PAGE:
The Media Politics of ApplesauceAmerican society used to hold a place of high esteem for "the media" - or in more genteel and less electronified times - the press. Being a reporter, while never a high-paying job, held a certain cachet. Reporters were fighters for truth. They didn't lie. They wrote things that helped change society for the good. Their papers or stations weren't profit centers, their primary mission was disseminating information. In fact, they often lost money...oh, the horror! And, when reporters got it wrong they did an appropriate amount of navel-gazing before fessing up and trying to fix the problem.
Today, reporters have a lower approval rating than politicians and gasp...lawyers. The change didn't happen overnight and it was as much the fault of a changing society as of the reporters themselves.
The change began - as many recent wrenching changes did - in the 1960s. The world was roiled by hot and cold wars, rapidly advancing technology, and a diminishing fear of government leaders. At the same time, television burst on the scene and politicians began to make such spectacularly huge mistakes they could no longer be ignored (see Eisenhower, Kennedy, Johnson, Nixon, both Bushes, et al).
The advent of instant media, coupled with an intense drive for profit and the public's demand that they be "entertained" by the news, were all nails in the same coffin. News in it's traditional sense began a long, slow, and painful death. Today the idea of "the media" is so diluted that no one can even define what it is anymore. Is Rush Limbaugh part of the media (the pompous windbag never stops telling you he doesn't think so)? Wonkette? Michelle Malkin? Homespun bloggers like you and me?
The sad fact is that "the media" is as divided as the country it serves. There are hard righties, hard lefties, and few middle of the roaders. While true reporters try to preserve balance, it is sometimes an impossible job. As likely as not, both the left and right will charge bias, each saying their "view" was left out or twisted. In many cases, what they are really saying is the story doesn't represent their view exclusively. Many news consumers only want to hear the things they agree with, just ask Dubya. That doesn't make it true, it only makes it their perception.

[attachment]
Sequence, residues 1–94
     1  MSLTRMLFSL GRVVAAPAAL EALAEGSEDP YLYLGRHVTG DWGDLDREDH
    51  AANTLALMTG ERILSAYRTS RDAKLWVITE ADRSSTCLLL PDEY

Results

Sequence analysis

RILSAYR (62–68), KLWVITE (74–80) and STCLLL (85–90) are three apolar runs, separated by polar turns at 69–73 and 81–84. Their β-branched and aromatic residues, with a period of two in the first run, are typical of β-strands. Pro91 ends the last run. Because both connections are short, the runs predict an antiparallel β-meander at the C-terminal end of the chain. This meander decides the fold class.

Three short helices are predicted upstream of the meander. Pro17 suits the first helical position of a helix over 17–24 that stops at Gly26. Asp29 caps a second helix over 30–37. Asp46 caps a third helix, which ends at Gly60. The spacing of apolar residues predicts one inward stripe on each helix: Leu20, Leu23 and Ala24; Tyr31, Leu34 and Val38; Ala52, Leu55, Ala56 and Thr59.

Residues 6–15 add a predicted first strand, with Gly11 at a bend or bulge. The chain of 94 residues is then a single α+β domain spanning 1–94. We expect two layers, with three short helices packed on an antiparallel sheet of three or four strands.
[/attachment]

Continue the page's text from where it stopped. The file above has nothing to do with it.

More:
Much like buying apple sauce, you can get a clearer picture of the news you consume with a little effort. For example:
- If you read or watch something obviously biased (Fox News comes to mind), remember to balance the vitriol with some vitriol from the other side. Keep your mind open to both sides and weigh their arguments on their merits rather than on how loudly they scream.
- Always choose more than one news medium. Media is a plural word, remember that. Anyone who only watches TV news is going to have a much different appreciation for a story than someone who reads it in a newspaper. Each medium has its forte. TV news is fast, newspapers are more thorough, radio gives an entirely different point of view. But a word of advice. Always take e-news with a huge grain of salt. It is much too easy to pass off stupidity and invective as news on the Web...just look at us for living proof.
- Remember that not everything the media does is supposed to be even-handed and fair. It seems a little shocking to us, but we're heard a zillion complaints about editorials being slanted. Editorials ARE slanted you morons! They are supposed to take a position and get people to think and participate. If you only want to hear your view, dial in Rush Limbaugh or Randi Rhodes.
- Remember that everyone can participate in media. There are plenty of venues from e-mail to letters to the editor. Better yet, call the local paper or TV station and give them a story idea or two. You see, the thing about news is that it can't be covered if the media doesn't know it exists. Throw them a frickin' bone and clue them in if you know about something of interest.
Good night and good luck.
Truth Told by Omnipotent Poobah, Thursday, January 12, 2006